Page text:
How to Design Programs: An Introduction to Programming and Computing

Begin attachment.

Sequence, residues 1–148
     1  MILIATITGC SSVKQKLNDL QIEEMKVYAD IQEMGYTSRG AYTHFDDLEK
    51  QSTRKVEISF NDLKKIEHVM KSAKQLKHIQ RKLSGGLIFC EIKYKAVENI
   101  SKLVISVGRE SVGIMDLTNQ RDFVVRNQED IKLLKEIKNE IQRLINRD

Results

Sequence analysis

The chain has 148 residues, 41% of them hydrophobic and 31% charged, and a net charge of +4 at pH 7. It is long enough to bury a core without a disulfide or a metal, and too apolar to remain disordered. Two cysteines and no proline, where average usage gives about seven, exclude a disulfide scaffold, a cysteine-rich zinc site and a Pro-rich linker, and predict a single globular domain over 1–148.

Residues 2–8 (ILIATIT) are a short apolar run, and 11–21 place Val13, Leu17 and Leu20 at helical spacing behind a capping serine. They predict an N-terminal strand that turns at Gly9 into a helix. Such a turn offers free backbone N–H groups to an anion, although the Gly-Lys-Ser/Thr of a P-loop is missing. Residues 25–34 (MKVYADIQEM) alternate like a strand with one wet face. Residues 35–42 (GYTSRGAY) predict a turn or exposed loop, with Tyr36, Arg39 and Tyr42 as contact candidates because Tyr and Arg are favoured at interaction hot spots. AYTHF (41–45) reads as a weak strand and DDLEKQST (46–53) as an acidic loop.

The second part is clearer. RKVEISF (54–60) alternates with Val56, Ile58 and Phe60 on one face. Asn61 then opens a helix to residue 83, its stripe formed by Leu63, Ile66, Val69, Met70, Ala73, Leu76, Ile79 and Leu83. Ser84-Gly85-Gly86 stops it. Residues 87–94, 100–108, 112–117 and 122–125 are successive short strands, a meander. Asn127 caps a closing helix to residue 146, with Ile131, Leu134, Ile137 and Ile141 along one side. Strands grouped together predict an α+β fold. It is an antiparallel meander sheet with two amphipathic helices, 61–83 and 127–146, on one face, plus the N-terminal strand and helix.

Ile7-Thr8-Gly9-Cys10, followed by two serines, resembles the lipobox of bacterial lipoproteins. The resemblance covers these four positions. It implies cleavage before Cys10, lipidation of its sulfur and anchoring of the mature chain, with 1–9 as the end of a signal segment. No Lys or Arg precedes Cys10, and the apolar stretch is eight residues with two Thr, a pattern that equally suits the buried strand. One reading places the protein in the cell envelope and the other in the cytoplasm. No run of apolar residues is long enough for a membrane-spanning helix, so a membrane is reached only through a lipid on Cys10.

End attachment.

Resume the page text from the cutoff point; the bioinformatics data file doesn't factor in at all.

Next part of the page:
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How to Design Programs: An Introduction to Computing and Programming [Go to first , previous , next page; contents ; index ] Section 29 Intermezzo 5: The Cost of Computing and Vectors In section 26.3 we discussed the differences between a structurally recursive program and an equivalent, generative version. The comparison revealed that the generative one is much faster than the structural version. We used both informal arguments, using the number of recursive calls, and measurements, using time expressions (exercises 26.3.1 and 26.3.3 ), to support our conclusion. While timing the application of a program to specific arguments can help us understand a program's behavior in one situation, it is not a fully convincing argument. After all, applying the same program to some other inputs may require a radically different amount of time. In short, timing programs for specific inputs has the same status as testing programs for specific examples. Just as testing may reveal bugs, timing may reveal anomalies concerning the execution behavior for specific inputs. It does not provide a firm foundation for general statements about the behavior of a program. This intermezzo introduces a tool for making general statements about the time that programs take to compute a result. The first subsection motivates the tool and illustrates it with several examples, though on an informal basis. The second one provides a rigorous definition. The last one uses the tool to motivate an additional class of Scheme data and some of its basic operations. 29.1 Concrete Time, Abstract Time Let's study the behavior of how-many , a function that we understand well: (define (how-many a-list) (cond [(empty? a-list) 0] [else (+ (how-many (rest a-list)) 1)])) It consumes a list and computes how many items the list contains. Here is a sample evaluation: (how-many (list 'a 'b 'c)) = (+ (how-many (list 'b 'c)) 1) (1 of 20) [2/5/2008 4:54:28 PM]
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